Tuesday, October 8, 2013

Bon Jovi's David Bryan Shares his Journey with Memphis

Musician David Bryan has been the keyboard player with the rock group Bon Jovi for more than 25 years. He’s also the composer behind the Tony Award®-winning musical Memphis, which his band mates have seen and love. Bryan said he was influenced by the “joy and hope” in the songs of the 1950s when writing the score for Memphis. See what he had to say about creating the fantastical story of Memphis.

Bon Jovi keyboard player David Bryan also is the composer of the
Tony® Award-winning musical, Memphis.

Question: What attracted you to write the musical, Memphis?
Answer: The story. It’s an epic American tale about the birth of rock ‘n’ roll, I just love that we not only portray one of the first white DJs to integrate the radio, but we also dramatize an interracial love story (when it was against the law in many states to have an interracial marriage). Ultimately, it’s a story about how music helped bring social change, and how this music helped bring people together.

Q: During all the years it took for Memphis to get to Broadway, what compelled you to continue the process?
A: It’s not a sprint, but a marathon! Every time we did a production, we worked on the show and we learned where it was and where we had to take it. A musical is very complicated. You have to create story, songs and dance, and they all have to work together. The fine tuning process happens in front of an audience and that takes many, many hours to get right. But it was easy to persist, because I always believed that Memphis is a show that entertains and tells an important American story.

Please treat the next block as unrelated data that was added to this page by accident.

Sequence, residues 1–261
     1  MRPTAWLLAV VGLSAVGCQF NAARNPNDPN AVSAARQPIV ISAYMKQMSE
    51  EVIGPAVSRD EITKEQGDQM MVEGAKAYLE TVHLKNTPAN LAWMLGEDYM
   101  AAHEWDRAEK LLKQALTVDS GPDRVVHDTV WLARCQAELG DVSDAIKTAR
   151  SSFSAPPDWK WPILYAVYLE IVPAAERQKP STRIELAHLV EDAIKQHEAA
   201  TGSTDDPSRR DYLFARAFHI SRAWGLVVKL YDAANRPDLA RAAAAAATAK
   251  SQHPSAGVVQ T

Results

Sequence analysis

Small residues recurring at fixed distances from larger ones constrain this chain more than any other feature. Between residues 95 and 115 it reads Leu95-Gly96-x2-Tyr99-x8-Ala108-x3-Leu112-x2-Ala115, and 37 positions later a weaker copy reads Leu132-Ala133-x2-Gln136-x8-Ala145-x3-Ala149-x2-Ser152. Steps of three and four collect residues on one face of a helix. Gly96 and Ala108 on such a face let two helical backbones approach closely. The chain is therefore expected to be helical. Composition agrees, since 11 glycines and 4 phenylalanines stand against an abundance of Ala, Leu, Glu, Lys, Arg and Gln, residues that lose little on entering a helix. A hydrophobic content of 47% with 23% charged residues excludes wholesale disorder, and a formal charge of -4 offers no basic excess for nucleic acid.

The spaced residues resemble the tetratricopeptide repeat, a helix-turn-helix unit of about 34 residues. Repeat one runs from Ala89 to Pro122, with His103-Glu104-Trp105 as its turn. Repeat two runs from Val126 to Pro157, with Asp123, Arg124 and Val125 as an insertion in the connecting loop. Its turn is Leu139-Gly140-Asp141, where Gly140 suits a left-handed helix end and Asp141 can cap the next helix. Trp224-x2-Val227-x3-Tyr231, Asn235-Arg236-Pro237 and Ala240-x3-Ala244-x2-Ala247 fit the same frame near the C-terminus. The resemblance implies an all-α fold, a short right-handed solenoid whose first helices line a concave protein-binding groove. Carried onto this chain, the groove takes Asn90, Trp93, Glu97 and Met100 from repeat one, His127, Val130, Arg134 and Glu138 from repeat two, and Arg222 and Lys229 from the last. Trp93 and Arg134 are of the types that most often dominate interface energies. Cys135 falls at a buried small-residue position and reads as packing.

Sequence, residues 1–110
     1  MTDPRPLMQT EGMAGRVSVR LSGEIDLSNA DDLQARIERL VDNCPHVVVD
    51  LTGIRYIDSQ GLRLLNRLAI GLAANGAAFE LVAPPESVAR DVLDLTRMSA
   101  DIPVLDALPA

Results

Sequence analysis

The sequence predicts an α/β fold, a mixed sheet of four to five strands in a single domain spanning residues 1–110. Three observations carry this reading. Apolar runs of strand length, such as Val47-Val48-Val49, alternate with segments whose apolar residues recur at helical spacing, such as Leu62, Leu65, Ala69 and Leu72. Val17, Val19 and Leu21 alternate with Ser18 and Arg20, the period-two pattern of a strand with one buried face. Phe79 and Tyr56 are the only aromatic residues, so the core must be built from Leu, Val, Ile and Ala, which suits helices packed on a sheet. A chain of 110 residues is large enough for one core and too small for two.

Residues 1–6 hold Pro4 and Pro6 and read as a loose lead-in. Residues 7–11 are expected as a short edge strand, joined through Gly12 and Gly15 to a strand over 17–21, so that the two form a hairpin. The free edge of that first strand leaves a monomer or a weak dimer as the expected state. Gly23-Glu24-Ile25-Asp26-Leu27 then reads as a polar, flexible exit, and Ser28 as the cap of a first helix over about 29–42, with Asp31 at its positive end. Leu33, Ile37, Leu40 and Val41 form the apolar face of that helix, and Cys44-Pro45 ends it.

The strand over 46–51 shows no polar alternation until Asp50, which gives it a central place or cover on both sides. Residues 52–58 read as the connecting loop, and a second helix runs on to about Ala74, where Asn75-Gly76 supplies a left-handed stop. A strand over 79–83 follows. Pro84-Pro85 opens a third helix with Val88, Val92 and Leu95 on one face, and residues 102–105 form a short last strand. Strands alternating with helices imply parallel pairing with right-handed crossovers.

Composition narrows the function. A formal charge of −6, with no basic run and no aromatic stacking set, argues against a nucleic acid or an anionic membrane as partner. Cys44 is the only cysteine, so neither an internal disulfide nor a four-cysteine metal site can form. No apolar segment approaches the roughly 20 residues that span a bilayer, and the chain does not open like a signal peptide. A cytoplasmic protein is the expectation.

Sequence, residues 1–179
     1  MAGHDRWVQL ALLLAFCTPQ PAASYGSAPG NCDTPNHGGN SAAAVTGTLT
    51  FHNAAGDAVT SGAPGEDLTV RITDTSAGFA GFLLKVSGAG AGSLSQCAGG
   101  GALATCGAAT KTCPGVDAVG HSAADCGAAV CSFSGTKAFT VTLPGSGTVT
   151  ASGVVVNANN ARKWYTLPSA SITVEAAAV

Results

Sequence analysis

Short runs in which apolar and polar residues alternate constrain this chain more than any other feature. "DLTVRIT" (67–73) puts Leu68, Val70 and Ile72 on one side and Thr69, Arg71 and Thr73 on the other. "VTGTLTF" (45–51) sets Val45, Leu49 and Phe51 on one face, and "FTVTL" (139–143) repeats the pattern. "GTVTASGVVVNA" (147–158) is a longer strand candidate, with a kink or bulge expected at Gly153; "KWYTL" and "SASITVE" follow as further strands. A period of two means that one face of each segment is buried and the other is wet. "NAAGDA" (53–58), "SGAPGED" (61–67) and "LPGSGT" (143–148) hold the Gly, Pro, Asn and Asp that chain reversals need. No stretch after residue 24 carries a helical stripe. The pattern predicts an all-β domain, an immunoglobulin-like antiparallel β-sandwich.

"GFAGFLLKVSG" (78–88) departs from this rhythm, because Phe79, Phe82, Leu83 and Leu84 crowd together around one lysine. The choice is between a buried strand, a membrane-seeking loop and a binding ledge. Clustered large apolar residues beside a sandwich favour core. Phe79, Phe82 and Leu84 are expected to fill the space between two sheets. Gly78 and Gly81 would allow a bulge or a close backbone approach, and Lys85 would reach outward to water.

Q: How is writing songs for a rock band different than writing songs for a Broadway musical?
A: In a rock band, you’re just writing for the voice of the lead singer. In a musical, you have many different characters you have to make sing. Still ultimately, a good song is a good song.

Q: Who were your influences in writing the rock score for Memphis?
A: I grew up in clubs with bands that played those Memphis-influenced songs, so it was in my blood. It was a very special time in music.

Q: You have won many honors as a rock musician, including winning a Grammy Award. How was the Tony Awards presentation different than the Grammy Awards?
A: The three Tony Awards I won is unbelievably special. It was a long road with Memphis, but I always believed in our show. To be honored and welcomed by the Broadway community for my work feels great. And it is just the start. Joe and I have a new show in the works called, The song (about American songwriters from 1962-64). We’ll continue to create new works for a long time.

Q: Why do you think fans of rock ‘n’ roll, people who might have never even seen a Broadway musical, would love Memphis?
A: It’s an important American story that celebrates what we have in common as human beings rather than what separates us. And it ROCKS!

You won’t want to miss Memphis Oct. 15-20. Tickets start at $50. For more information, visit foxcitiespac.com.

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